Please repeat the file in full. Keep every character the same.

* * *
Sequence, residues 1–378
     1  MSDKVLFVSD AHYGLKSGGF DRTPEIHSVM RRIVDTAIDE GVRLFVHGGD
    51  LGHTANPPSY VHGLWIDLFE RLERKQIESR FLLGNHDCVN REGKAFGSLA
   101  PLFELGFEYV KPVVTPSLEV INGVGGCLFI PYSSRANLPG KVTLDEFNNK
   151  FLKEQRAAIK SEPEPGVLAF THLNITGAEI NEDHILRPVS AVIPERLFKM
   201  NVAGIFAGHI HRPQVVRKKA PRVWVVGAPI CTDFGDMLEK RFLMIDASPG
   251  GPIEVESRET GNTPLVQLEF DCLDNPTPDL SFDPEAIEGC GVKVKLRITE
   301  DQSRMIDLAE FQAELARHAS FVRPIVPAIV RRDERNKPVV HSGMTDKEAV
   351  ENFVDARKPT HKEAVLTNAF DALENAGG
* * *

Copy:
Sequence, residues 1–378
     1  MSDKVLFVSD AHYGLKSGGF DRTPEIHSVM RRIVDTAIDE GVRLFVHGGD
    51  LGHTANPPSY VHGLWIDLFE RLERKQIESR FLLGNHDCVN REGKAFGSLA
   101  PLFELGFEYV KPVVTPSLEV INGVGGCLFI PYSSRANLPG KVTLDEFNNK
   151  FLKEQRAAIK SEPEPGVLAF THLNITGAEI NEDHILRPVS AVIPERLFKM
   201  NVAGIFAGHI HRPQVVRKKA PRVWVVGAPI CTDFGDMLEK RFLMIDASPG
   251  GPIEVESRET GNTPLVQLEF DCLDNPTPDL SFDPEAIEGC GVKVKLRITE
   301  DQSRMIDLAE FQAELARHAS FVRPIVPAIV RRDERNKPVV HSGMTDKEAV
   351  ENFVDARKPT HKEAVLTNAF DALENAGG